*…show more content…*

Using his collected information Kepler discovered that the orbit of Mars was an ellipse. In 1609 he published Astronomia Nova, delineating his discoveries, which are now called Kepler's first two laws of planetary motion. And what is just as important about this work, "it is the first published account wherein a scientist documents how he has coped with the multitude of imperfect data to forge a theory of surpassing accuracy" (O. Gingerich in foreword to Johannes Kepler New Astronomy translated by W. Donahue, Cambridge Univ Press, 1992), which today's is known as the Scientific

*…show more content…*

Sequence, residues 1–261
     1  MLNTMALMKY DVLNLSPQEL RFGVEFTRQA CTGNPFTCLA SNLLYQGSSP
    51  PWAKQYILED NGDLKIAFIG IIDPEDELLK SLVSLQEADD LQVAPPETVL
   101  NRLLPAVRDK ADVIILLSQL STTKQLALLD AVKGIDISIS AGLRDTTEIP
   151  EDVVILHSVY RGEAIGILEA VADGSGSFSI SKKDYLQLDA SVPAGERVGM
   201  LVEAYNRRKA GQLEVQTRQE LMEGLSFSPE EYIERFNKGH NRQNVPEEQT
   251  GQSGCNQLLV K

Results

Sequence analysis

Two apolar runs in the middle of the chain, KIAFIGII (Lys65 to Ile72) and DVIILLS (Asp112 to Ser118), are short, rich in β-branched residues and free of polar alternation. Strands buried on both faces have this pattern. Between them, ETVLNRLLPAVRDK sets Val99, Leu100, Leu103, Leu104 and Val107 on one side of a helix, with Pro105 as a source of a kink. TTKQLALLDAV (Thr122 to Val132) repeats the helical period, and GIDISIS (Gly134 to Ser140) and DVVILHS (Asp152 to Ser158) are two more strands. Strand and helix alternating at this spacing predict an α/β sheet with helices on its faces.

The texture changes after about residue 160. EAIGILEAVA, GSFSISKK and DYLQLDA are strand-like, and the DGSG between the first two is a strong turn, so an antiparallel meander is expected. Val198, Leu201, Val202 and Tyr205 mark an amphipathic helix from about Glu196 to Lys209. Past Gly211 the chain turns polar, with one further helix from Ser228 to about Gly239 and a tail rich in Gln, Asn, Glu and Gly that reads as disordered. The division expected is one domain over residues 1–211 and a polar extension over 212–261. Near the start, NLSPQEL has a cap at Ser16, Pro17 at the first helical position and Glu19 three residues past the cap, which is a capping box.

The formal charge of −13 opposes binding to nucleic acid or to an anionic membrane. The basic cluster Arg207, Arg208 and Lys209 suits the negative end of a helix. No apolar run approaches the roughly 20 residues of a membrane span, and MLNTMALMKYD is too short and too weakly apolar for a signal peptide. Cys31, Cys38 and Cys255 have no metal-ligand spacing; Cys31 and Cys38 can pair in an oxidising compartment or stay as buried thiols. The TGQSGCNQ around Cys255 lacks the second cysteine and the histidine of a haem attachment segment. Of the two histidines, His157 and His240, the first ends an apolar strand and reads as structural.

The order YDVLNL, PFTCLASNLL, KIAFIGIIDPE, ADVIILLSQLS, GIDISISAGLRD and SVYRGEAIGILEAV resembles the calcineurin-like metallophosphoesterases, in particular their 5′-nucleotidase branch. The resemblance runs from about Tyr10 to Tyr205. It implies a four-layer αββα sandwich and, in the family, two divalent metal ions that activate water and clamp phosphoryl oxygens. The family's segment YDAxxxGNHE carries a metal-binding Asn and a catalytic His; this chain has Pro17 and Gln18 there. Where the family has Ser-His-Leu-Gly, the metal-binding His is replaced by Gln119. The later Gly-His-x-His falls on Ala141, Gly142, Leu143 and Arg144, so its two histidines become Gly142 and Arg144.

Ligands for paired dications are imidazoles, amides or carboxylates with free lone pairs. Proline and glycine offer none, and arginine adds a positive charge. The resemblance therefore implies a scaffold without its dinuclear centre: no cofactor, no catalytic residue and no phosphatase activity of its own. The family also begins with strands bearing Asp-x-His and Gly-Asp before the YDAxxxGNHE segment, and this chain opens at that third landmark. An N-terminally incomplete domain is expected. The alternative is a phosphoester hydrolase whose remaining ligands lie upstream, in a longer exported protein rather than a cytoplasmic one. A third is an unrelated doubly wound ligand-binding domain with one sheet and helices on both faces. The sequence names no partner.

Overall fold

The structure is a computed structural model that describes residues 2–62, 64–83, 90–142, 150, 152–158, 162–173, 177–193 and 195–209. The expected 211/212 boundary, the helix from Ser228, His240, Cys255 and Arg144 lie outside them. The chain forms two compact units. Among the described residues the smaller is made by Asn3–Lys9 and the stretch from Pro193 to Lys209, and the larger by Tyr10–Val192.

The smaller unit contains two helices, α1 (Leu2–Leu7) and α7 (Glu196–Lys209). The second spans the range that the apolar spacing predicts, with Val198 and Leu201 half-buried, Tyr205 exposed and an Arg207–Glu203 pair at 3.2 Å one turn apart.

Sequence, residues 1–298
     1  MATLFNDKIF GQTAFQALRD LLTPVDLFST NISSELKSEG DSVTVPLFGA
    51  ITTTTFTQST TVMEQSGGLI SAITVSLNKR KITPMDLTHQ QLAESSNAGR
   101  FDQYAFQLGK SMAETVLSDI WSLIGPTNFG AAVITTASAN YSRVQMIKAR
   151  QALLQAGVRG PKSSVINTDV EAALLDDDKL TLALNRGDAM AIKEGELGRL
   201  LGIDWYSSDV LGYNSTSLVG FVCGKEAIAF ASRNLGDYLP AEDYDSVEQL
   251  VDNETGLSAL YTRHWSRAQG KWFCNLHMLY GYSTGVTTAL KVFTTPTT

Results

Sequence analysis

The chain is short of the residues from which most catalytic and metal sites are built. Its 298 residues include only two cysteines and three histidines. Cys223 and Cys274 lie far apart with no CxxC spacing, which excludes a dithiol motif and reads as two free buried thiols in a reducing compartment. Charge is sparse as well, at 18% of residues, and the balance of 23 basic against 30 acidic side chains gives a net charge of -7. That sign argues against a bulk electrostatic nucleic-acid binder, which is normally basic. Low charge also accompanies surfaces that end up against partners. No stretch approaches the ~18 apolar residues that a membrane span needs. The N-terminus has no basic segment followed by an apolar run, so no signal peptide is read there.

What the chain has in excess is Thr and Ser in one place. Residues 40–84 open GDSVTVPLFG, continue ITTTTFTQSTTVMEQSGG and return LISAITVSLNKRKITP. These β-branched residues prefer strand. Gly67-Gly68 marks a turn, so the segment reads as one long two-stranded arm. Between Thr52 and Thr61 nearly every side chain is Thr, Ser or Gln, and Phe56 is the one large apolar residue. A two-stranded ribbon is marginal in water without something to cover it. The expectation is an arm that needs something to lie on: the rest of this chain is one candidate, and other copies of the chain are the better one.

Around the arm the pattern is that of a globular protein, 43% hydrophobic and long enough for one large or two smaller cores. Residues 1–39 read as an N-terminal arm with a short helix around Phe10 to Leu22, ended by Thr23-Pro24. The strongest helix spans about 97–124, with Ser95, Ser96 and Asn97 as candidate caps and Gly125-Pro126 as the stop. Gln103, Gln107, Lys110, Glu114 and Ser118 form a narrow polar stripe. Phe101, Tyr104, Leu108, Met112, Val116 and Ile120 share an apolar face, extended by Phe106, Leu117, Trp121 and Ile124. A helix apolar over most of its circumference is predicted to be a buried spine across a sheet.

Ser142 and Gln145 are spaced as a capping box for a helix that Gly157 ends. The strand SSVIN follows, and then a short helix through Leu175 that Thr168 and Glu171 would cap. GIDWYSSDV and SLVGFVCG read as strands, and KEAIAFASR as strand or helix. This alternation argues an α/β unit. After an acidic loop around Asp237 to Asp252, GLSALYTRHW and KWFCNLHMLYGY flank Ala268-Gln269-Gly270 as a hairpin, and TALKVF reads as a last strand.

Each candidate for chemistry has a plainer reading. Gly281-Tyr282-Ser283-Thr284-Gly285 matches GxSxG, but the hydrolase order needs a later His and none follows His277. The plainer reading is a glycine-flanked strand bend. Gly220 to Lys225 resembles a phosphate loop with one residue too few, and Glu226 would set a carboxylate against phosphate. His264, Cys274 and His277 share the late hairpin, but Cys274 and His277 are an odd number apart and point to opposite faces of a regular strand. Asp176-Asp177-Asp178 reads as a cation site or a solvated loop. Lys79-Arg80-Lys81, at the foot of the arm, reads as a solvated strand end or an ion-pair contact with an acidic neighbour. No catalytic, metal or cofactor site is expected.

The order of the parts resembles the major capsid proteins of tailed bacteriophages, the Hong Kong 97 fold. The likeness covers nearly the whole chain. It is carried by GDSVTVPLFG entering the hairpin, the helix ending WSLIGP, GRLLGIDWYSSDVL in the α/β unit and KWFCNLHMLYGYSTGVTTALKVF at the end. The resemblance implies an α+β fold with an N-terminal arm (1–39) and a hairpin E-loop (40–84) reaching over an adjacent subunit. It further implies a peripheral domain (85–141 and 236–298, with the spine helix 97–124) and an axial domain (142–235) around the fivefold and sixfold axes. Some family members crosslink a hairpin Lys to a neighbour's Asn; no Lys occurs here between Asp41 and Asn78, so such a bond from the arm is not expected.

The reason that the orbit of Mars was particularly difficult was that Copernicus had correctly placed the Sun at the center of the Solar System, but had an error in assuming the orbits of the planets to be circles. After a long struggle, in which he tried mightily to avoid his eventual conclusion, Kepler was forced finally to the realization that the orbits of the planets were not the circles demanded by Aristotle and assumed implicitly by Copernicus, but were instead ellipses. Kepler created the Law of Planetary Motion which has three laws that state the Sun is not at the center of the ellipse, but is instead at one focus, the line joining the Sun and planet sweeps out equal areas in equal times, so the planet moves faster when it is nearer the Sun and, the ratio of the squares of the revolutionary periods for two planets is equal to the ratio of the cubes of their semimajor